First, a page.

Alumnus here to answer questions

<p>As I have now been out in the "real world" longer than I was at Whitman, and didn't have a forum like this when I was college hunting, I thought I'd put myself out there to answer people's questions. Fair warning, I may not be as up on Whitman as others here, but I'll always be honest.</p>

<p>Hello there! I am a prospective high school student. I am currently looking at Whitman as a first choice. As you may have figured, I have a TON of questions to ask you. I’ll begin with one:</p>

<p>I live in a big city in the Bay Area, I was wondering if going to a school like Whitman (small, not a lot of people) would be a good thing to do? I am used to having people and a lot of noise around, but I’d like to get a new vibe. I remember when I went to Yosemite for camping I was a little scared of the silence and lack of “civilization” there the first few nights. </p>

<p>Is the crowd there culturally diverse? I am interested in going to a school where I won’t be the only person of my race. Please tell me what the ethnic population is like there. It might not inflence me so much in my choosing, but it would be a relaly good way for me to get a mental picture of the campus. Speaking of diversity, what’s the political scene like there? I am personally more interested in a liberal0mided set of folk. The research I’ve done seems to suggest that Whitman is quite the open-minded campus, but what do you think? </p>

<p>I have kind of weird grades. I kind of screwed up my sophomore and Junior years by getting C’s, but they were for personal and environmental reasons. </p>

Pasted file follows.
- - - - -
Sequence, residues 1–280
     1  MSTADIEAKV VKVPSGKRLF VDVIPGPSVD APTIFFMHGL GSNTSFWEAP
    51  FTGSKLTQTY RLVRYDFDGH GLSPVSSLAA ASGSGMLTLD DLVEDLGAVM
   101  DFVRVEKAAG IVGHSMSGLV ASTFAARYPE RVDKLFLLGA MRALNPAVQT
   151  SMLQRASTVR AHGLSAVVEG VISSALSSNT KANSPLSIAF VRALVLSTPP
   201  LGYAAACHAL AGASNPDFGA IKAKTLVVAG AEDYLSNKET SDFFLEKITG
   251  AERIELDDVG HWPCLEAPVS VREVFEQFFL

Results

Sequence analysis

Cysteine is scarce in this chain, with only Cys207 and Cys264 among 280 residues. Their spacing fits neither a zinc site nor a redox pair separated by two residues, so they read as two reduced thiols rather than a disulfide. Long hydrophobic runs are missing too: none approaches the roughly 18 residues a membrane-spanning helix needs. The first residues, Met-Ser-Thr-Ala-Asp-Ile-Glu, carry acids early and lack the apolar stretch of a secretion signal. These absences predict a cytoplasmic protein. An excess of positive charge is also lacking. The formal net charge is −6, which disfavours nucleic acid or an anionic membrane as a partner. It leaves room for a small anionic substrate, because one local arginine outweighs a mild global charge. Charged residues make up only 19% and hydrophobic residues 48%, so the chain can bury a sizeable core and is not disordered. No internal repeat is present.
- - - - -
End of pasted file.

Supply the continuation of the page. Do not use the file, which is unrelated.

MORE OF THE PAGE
<p>I keep reading that Whitman doesn’t prepare for the “real world”. What does that mean? Does it mean I would not have a very good chances at getting a job if I went there for college? Does it mean that I would not be able to keep a job?</p>

<p>As mentioned before, I live in a big city. I also attend a “large” public school (it’s the size of Whitman, but that is considered large in my city). I know that I learn best in small, nurturing environments where the teachers have patience enough to answer every question. It helps me figure out things when I know that I can talk one-to-one with a teacher who genuinely cares about their students and their field in general. Would you agree that the academic setting at Whitman is like this, or not? Why?</p>

<p>Lastly: test scores. The general average they seem to admit to this school are students with “up there” ACT/'SAT scores. I got a 1590 on my SAT (but am in the process of retaking it) and a 22 on my ACT. Would you say that I’d thrive academically at Whitman? Would I even make it in?</p>